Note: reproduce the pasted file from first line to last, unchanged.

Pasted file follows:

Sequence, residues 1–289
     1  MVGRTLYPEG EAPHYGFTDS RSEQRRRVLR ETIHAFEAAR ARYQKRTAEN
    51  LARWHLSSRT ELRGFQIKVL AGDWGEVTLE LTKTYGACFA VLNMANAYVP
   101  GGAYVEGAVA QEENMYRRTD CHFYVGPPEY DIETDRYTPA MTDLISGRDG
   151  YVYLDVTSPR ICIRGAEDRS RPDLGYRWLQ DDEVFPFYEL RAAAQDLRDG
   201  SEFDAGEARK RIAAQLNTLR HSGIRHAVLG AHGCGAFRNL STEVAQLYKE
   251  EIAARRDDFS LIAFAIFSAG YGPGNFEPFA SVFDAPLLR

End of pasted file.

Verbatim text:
Sequence, residues 1–289
     1  MVGRTLYPEG EAPHYGFTDS RSEQRRRVLR ETIHAFEAAR ARYQKRTAEN
    51  LARWHLSSRT ELRGFQIKVL AGDWGEVTLE LTKTYGACFA VLNMANAYVP
   101  GGAYVEGAVA QEENMYRRTD CHFYVGPPEY DIETDRYTPA MTDLISGRDG
   151  YVYLDVTSPR ICIRGAEDRS RPDLGYRWLQ DDEVFPFYEL RAAAQDLRDG
   201  SEFDAGEARK RIAAQLNTLR HSGIRHAVLG AHGCGAFRNL STEVAQLYKE
   251  EIAARRDDFS LIAFAIFSAG YGPGNFEPFA SVFDAPLLR